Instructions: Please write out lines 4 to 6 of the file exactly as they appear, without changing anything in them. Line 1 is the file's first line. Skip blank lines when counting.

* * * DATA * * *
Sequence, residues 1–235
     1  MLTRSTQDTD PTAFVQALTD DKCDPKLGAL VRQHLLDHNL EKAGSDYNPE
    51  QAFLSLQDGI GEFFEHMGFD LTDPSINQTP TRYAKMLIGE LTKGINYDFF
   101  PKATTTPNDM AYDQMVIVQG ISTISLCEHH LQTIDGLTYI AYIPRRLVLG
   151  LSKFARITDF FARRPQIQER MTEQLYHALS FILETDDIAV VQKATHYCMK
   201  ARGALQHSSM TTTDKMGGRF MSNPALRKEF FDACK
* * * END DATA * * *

   101  PKATTTPNDM AYDQMVIVQG ISTISLCEHH LQTIDGLTYI AYIPRRLVLG
   151  LSKFARITDF FARRPQIQER MTEQLYHALS FILETDDIAV VQKATHYCMK
   201  ARGALQHSSM TTTDKMGGRF MSNPALRKEF FDACK